Input-Process-Output versus Causal loops

The following text provides some examples for a discussion on Linkedin ( ). The discussion is turning around the following example .

1)       Input-Process-Output Diagram (IPO)

The IPO is focused more on the What-is-needed than the How-to-do-it. For this purpose, the diagram consists of three elements: Input, Process, and Output.

The Input provides all aspects that are required to do the Process. This can be information, controls, resources and other things. In the example these are controls (recipe), resources (teapot, water heater, and cook), and other things (water, tea bags, and energy).

The Process defines the functions. In this case, on the highest level the ‘Tea making’ function.

The Output documents the results of the Process. The outcomes are tea, dirty tools and unused energy.

Based on this diagram, it is possible to set up a process with all relevant elements. Usually this diagram is drilled down to an operational level with various diagrams.

teapotIPO e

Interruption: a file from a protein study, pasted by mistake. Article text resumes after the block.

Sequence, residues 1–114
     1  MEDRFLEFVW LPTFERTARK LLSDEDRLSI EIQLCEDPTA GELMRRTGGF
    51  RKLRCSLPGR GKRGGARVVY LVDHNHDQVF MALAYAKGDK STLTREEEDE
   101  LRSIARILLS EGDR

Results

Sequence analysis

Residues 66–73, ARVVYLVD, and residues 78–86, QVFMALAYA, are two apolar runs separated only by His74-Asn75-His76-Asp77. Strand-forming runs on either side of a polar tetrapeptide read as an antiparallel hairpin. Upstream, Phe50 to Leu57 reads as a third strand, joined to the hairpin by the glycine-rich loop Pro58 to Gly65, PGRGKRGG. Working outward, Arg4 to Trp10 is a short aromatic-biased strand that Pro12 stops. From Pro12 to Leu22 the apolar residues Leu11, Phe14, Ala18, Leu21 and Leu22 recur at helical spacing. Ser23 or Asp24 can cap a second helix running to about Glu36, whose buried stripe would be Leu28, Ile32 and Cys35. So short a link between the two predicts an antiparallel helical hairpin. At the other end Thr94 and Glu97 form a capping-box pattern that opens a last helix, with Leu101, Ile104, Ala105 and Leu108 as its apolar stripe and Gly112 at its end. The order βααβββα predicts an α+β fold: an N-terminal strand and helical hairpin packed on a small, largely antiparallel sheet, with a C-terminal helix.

2)       Causal loop

The causal loop is focused on What-is-happening. For this purpose, the system is described with variables and links.

The variables are indicators of states (usually revenue, qualities, costs, acceptance). In our example availability and amounts. These parameters are affected by the links.

The links document dependencies of two kinds. These can be increases or decreases. The resulting affect is defined as a change of the receiving indicator in the same direction as the sender (+) or on the opposite direction (-). In our example the more water that is available, the more water can be boiled (+). The more water that is boiled, the less water is available (-).

Based on this diagram, the behavior over time of the system can be examined.

teapotsys e

Bottom line: The purpose of the IPO is more likely the implementation of the process. The intention of the causal loop is to understand the behavior over time. You cannot swap functionality.

P.S.: Systems Thinking is an established way to look at systems of all kind. Here are some pioneers – Fritjof Capra, Peter Senge, Daniel Kim, Donella Meadows, Frederic Vester, Harmut Bossel.

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